2nd grant for Boone Co. Behavioral Task Force substance abuse program
Projects must feature comprehensive, collaborative initiatives aimed at reducing the impact of substance abuse on individuals and communities.
BOONE COUNTY, Ill. (WIFR) - The Boone County Behavioral Task Force was awarded a second grant to continue to address substance abuse and mental health in the county.
The funds aim to support the efforts of the task force and advance its goals to increase community collaboration and reduce substance abuse in Boone County. The purpose of the program is to support projects that develop, implement, or expand comprehensive programs in response to illicit opioids stimulants, or other substances of abuse, according to the task force in an announcement on Wednesday afternoon.
The Boone County Behavioral Health Task Force was formed in April 2017. The program furthers the funding agency’s mission of providing resources to support state, local, tribal and territorial efforts to reduce violent crime and drug abuse and enhance public safety while supporting victims, according to the task force.
The grant application was written by the Region 1 Planning Council. Boone County, the City of Belvidere, and the Boone County Board of Health provided the funding for these grant writing services. Projects must feature comprehensive, collaborative initiatives aimed at reducing the impact of substance abuse on individuals and communities, including a reduction in the number of overdose fatalities, as well as mitigation of the impacts on crime victims.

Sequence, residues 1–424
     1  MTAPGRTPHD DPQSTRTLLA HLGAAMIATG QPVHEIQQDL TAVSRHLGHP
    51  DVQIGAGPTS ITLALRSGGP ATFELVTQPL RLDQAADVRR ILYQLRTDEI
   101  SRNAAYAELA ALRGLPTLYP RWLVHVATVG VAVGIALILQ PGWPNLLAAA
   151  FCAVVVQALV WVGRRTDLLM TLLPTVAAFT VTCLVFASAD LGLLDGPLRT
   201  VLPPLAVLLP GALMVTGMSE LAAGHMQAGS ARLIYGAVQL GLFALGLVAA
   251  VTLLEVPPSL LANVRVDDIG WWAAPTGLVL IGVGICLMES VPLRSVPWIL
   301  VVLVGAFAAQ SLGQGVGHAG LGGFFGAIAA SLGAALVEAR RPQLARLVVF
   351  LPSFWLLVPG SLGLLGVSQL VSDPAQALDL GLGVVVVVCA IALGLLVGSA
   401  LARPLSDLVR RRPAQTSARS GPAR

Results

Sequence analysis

“The funding will allow Boone County to expand programming and services already established through the Boone County Comprehensive Opioid Abuse program, which is a system-wide series of coordinated interventions seeking to leverage the current redesign of the Boone County Jail Medical Services and integrate Behavioral Health services into inmate care, including Medication Assisted Treatment,” according to the task force.
Additionally, the COAR program included the creation of a Recovery Navigator program, which will provide comprehensive case management services both to jail inmates, and to residents in the community.
“The new Boone County Support Outreach Recovery Team project is twofold: to fill the identified need for a Community Law Enforcement Officer to work with the justice-involved community and an Addiction Counselor to work with the county’s jailed population. These two gaps were identified through the Boone County Sequential Intercept Mapping process completed in 2018 by the Task Force," according to the task force.
Founded in 2017, the task force is made up of organizations from public health, mental health, justice, and faith communities and has worked together to create solutions to behavioral health issues with a focus on substance abuse. The CLEO will be a law enforcement officer familiar with the community. This individual will engage with members of the public in Boone County who experience Opioid Use Disorder and Substance Abuse Disorders. They will work with first responders and help link people with addiction into treatment as well as outreach to the public.
This outreach will include, but is not limited to, outreach to OUD/SUD person and their friends and family; NARCAN training to interested members of the public; drug awareness programs to students; and outreach to groups like AA and NA, per the task force.
The second purpose is to fill the identified need for an Addiction Counselor who will work as a Recovery Coach in the Boone County jail. This individual will deliver services and provide group and individual therapies within the jail. The project includes partnerships between the Behavioral Health Task Force, the Boone County Health Department, Rosecrance and the Belvidere Police Department, the task force says.
“We expect the results of SORT to include less OUD/SUD-related crime including overdose, suicide, domestic violence, aggravated battery, and theft,” according to the task force.
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